Instead of taking that premise and working from it, we just call Windows advocates stupid, lazy bums who just dont get it. Yeah, that's how you build a movement, just insult all the people you care to influence.

      This is just a commonplace, surely? Like the article itself, what you're saying just sounds out of date - it was correct several years ago but under KDE (and I guess Gnome - I don't use it) Linux just works. In fact my experience using Linux at home is far superior to my experience using Windows at

  • That about sums up why i haven't switched to linux yet.

    I tried ubuntu and two other variations that were supposed to be easy too but in the end i dont have the time to learn it all.

    There used to be a time where i enjoyed spending hours just playing around with something, not being afraid to mess it up but that's not the case anymore.

    I got a day job where we use windows then i come back home where i spend time with my girlfriend, i game a little and do some "real" manual work like fixing the car or stop tha
  • Of course, they're right. And it's not for any crazy reasons like "the iPod don't work" like esr would have you believe. The key of course is getting developers to target their products toward users of course. We all know this is the problem. I think that these days if doesn't agree that Linux (pick your distro) isn't ready to go for people with no computing background is crazy. I see, however, a lot of "oh but people are just trained on Windows" - this is no excuse. It's possible to make software discovera
    • Re: (Score:2, Insightful)

      by LibertineR (591918)
      "It's not that people don't have a desire to bring FOSS to the masses, nor the ability to make it usable for Aunt Tilly, but more due to the fact that most end users are fucking bitches. It's not easy for a volunteer staff to put up with the bullshit that real users require - but if you don't deal with it, you can't complain. That's life - you put up with idiots using computers or you aren't competitive in that market."

      Do you realize that this attitude is more responsible for holding back Linux than Micro

  • Has the author actually tried installing XP on a new computer? (a Dell 'OEM reinstall' doesn't count)
    You need to be MORE of a hardware expert to install XP on a computer then if you were to install Linux (especially Ubuntu). yes I know that XP is 5 years old and can't support 'NEW' equipment, but the author doesn't seem to care so I won't either.

    Will Vista support more hardware out-of-the-box? yes of course.
    Will linux support more hardware then Vista in 1+ years? yes of course.

    If you install XP...

    you ne
    • by tuffy (10202)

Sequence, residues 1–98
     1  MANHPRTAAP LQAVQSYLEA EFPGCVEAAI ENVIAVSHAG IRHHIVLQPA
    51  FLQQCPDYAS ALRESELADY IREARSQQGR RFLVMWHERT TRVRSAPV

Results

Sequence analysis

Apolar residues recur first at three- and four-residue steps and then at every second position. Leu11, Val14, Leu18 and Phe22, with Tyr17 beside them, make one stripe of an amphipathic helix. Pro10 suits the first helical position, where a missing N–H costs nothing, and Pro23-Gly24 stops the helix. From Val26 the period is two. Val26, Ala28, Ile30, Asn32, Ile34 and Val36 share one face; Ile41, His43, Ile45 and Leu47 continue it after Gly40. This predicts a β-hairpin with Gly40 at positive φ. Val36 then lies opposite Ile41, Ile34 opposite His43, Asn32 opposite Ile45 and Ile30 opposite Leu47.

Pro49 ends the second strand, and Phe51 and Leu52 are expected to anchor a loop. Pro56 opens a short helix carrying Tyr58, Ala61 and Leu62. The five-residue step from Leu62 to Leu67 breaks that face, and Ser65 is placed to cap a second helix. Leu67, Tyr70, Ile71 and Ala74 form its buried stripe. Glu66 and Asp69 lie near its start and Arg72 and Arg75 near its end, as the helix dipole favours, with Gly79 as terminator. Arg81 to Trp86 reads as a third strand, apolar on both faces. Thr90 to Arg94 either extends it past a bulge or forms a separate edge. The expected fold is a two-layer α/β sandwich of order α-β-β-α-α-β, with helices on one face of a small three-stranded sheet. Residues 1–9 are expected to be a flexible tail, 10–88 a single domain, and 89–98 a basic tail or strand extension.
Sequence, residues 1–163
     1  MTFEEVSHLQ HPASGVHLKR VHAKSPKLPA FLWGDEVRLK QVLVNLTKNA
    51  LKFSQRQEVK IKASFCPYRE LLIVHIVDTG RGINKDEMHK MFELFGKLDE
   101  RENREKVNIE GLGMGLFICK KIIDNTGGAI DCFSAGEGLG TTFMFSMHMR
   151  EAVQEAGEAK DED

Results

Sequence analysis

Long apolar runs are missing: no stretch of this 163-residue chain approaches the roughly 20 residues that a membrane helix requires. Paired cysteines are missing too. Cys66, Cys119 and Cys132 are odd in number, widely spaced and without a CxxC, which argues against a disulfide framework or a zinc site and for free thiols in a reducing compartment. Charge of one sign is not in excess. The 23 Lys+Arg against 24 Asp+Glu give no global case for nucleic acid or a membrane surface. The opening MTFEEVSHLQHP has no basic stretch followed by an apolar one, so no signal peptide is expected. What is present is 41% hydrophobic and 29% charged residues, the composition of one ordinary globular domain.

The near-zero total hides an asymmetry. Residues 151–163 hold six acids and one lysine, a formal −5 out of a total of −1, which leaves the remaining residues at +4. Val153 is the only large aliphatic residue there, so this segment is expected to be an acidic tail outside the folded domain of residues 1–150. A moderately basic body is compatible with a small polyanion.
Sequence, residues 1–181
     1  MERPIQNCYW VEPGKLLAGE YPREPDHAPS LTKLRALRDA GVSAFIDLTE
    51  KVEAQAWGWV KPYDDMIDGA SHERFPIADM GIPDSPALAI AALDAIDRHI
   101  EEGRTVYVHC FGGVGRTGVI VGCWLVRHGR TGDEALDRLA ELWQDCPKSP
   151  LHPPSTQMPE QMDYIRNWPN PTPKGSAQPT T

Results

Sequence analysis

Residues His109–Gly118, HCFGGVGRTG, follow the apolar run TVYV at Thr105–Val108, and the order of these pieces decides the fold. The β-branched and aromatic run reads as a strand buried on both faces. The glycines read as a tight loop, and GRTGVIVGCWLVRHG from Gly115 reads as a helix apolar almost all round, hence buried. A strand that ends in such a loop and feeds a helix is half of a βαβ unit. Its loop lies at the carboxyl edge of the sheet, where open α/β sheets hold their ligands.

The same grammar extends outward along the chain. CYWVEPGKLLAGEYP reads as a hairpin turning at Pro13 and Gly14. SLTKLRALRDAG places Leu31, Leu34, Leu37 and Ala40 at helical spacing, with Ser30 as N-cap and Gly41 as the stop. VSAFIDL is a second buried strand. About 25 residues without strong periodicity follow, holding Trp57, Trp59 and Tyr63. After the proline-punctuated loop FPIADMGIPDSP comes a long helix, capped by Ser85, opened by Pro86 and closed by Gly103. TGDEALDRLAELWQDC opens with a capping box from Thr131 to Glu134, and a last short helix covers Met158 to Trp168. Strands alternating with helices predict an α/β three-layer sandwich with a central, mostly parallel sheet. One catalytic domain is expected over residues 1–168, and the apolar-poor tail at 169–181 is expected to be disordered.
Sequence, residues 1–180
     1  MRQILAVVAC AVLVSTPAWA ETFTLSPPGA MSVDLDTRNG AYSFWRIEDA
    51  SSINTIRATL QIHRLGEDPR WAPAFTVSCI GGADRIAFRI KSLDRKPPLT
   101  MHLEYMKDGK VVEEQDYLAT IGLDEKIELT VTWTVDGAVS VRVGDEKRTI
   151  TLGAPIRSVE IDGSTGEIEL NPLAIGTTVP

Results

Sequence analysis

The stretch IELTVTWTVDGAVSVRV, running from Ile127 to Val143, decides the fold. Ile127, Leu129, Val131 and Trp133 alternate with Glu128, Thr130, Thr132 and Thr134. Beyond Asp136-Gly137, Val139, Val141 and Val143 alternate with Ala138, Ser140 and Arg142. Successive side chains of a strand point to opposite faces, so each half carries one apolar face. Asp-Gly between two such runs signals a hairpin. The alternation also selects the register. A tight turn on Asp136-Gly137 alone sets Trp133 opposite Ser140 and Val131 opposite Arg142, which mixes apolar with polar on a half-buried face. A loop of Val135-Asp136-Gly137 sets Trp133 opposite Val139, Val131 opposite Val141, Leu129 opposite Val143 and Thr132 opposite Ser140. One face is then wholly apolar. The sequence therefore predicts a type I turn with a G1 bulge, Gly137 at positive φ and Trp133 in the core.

I can attest to this first-hand. I took my old Linux box, formatted it to XP and tried to give it to my parents. In the process, I discovered that XP couldn't find SATA hard drives so I had to replace them with IDE. My onboard gigabit ethernet card only runs at 10 Base-T speeds with the driver I found (and Windows' built-in driver tool can't find a better one). The onboard AC97 sound card didn't work at all so I had to add a sound card. Oh, and the older scanner they were using has no XP-compatible dri
  • The misconception is that the layperson actually goes through the process of installing an operating system, ever. Most people don't realize that a computer and the operating system are two different things. They buy it, and everything works. The key to Linux becoming mainstream is extremely simple yet very difficult. Get hardware vendors to ship computers with Linux preloaded and get these computers into the retail stores like Best Buy, CompUSA, etc. The other part to all this is making migration of a
  • by JoeWalsh (32530) on Friday November 03, 2006 @11:44AM (#16704215)
    I left Windows because I was tired of always having to fix something or other every other weekend. Either my girlfriend's computer would have a problem or mine would. I didn't want to fix computers all weekend - I wanted to have a life! So I ditched Windows and tried out this new thing called Linux that was supposed to be super-stable, no crashes, etc.

    That worked OK, but all of a sudden buying new hardware became a monumental task. Will it work with Linux, or is it Windows-only? What hoops do I have to jump through? And when something *did* occasionally go wrong, it didn't usually mean spending a weekend fixing it. Usually, it meant spending a week fixing it.

    That's why, when Mac OS X became stable (version 10.1), I took the plunge and bought a Mac. I haven't spent time worrying about or tinkering with my computer or my wife's computer since. Everything just works. I have my life back.